We determined the prevalence and incidence of CAD by using the infrastructure of the Rochester Epidemiology Project under the auspices of its CAD surveillance program, which has been in effect since 1979. 26,27 Events reported in the medical record that were selected as definitions of CAD were sudden cardiac death, myocardial infarction, and angiographically diagnosed coronary disease.28 Sudden cardiac death was defined as an out-of-hospital death with a death certificate-assigned code of 410, 411, 412, 413, or 414 from the International Classification of Diseases, Ninth Revision.29 All cases of suspected myocardial infarction were confirmed by trained abstractors using data on cardiac pain and the results of electrocardiography and of tests for serum cardiac biomarkers.27 Additionally, coronary angiograms were considered diagnostic of CAD if they demonstrated more than 75% occlusion of the left anterior descending, left circumflex, or right coronary artery or more than 50% occlusion of the left main coronary artery. These data were merged with the cohort data from the Olmsted County Study of Urinary Symptoms and Health Status Among Men so that we could detect all CAD events experienced by these men.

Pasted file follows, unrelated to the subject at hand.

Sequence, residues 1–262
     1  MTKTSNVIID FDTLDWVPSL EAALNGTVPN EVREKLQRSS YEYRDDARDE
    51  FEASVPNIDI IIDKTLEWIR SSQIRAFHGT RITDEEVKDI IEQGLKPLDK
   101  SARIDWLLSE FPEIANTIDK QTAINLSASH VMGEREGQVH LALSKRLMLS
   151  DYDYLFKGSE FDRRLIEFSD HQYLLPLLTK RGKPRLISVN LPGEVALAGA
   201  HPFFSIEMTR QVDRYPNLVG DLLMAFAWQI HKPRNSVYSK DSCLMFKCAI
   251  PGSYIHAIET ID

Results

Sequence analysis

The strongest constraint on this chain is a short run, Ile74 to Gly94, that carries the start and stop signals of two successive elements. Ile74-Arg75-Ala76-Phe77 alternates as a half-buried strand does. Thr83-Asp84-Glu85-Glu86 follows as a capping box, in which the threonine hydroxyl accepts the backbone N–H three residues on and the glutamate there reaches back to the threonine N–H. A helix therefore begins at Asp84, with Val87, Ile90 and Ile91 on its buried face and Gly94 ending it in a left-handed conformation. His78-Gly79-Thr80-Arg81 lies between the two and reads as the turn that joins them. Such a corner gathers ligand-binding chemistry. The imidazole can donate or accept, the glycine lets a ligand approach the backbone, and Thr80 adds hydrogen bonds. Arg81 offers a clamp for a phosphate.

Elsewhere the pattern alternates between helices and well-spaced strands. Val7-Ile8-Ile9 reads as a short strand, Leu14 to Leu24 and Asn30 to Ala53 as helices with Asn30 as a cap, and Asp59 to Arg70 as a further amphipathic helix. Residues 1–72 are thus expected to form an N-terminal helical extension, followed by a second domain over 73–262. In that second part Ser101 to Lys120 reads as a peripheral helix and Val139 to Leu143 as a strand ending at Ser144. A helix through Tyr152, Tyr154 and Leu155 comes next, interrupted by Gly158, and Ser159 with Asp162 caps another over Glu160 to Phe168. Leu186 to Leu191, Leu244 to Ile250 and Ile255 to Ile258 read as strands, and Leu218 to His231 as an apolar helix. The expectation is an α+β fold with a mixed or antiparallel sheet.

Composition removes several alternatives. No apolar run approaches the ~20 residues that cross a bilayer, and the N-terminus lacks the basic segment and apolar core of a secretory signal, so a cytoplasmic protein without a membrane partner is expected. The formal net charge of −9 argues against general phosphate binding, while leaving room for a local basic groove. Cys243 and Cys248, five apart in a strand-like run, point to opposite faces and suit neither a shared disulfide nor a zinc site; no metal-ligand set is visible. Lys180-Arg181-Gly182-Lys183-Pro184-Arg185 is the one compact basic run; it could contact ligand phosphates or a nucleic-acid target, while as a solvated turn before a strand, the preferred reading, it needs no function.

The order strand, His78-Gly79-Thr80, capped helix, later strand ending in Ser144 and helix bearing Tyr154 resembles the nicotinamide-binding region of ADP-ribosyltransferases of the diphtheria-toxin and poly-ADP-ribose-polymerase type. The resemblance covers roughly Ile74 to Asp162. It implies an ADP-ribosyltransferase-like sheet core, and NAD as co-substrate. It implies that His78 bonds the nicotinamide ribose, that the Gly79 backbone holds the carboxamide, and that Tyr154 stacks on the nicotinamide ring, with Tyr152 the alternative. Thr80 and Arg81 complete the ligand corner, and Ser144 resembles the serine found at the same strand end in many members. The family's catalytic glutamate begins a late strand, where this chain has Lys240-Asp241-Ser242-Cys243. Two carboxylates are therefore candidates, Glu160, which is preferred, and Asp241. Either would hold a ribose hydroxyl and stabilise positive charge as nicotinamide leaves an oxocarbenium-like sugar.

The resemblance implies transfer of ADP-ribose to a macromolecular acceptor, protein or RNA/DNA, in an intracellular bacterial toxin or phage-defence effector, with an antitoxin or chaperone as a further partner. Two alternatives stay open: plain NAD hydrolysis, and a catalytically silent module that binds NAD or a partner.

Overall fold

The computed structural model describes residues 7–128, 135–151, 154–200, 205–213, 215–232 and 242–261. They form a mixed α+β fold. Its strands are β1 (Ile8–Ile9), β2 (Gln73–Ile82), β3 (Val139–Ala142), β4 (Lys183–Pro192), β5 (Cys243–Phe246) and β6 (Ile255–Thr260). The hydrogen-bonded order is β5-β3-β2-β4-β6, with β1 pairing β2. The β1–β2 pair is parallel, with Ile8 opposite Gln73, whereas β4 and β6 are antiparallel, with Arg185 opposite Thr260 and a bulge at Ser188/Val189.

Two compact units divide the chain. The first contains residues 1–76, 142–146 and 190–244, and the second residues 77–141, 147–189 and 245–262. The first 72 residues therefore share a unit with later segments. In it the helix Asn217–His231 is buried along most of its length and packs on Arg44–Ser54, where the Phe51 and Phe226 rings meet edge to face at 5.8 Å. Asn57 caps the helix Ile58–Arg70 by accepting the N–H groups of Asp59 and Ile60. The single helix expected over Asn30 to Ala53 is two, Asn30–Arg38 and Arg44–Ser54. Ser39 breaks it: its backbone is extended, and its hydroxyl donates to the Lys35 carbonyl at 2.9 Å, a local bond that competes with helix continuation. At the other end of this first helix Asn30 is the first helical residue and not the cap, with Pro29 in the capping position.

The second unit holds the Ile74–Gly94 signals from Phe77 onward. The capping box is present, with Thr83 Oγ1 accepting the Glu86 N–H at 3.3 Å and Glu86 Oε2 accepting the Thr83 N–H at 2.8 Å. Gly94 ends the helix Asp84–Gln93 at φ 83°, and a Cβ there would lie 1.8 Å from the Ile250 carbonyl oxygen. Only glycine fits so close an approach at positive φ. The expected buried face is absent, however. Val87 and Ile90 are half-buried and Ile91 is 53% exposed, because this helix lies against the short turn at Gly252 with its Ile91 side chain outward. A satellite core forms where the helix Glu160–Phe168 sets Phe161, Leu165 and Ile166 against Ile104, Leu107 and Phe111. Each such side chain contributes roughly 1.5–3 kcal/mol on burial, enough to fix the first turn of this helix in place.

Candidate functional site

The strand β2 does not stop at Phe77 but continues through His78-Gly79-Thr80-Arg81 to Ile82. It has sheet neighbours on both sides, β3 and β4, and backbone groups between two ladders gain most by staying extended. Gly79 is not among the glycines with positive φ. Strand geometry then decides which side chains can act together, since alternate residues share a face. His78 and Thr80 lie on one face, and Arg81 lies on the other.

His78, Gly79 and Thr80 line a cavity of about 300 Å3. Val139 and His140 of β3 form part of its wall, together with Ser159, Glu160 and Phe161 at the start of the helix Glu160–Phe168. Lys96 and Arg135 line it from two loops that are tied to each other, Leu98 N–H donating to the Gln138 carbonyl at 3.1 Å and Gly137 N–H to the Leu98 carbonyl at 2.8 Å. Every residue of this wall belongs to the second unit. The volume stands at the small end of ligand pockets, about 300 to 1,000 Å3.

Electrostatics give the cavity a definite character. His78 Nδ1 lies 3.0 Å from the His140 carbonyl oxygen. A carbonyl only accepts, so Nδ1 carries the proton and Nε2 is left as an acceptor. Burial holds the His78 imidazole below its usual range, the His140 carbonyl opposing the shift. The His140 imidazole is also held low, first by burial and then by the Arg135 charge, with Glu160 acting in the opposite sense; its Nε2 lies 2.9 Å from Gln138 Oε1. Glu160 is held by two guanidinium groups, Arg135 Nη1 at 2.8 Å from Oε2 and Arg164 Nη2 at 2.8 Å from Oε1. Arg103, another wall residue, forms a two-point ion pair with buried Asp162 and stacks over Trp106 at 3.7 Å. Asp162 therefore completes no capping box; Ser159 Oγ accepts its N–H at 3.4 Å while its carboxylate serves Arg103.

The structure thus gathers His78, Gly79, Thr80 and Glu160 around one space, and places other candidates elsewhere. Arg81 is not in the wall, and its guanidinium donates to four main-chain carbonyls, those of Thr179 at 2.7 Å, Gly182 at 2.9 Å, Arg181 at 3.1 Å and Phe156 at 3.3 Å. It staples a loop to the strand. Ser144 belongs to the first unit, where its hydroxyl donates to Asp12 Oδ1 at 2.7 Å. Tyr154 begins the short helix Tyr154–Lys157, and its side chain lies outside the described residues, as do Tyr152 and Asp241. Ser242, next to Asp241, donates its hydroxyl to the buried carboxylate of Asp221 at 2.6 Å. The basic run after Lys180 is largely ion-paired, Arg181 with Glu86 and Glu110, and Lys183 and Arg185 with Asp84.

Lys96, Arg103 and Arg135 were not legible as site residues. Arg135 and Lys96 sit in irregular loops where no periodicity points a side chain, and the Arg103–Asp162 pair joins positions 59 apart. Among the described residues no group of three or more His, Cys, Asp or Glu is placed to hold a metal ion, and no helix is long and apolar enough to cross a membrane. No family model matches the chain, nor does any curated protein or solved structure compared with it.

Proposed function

Potential confounders of associations between ED and CAD were also assessed: smoking status, hypertension, diabetes, and body mass index (BMI). Anthropometric measures were obtained at baseline and at the fourth year of follow-up by trained study nurses using a standardized protocol. Hypertension, diabetes, and smoking status were assessed by questionnaire, and men were classified as smokers or never-smokers.
Men were followed up from the fourth screening round (1996) until the first occurrence of an incident cardiac event or the last study visit (through December 31, 2005). Men with prevalent CAD at study entry were excluded from the analyses. Bivariate and multivariate proportional hazards regression models were used to assess the association of factors influencing the development of incident ED. These factors were age, diabetes, hypertension, smoking status, and BMI. For this analysis, men with ED at baseline were excluded.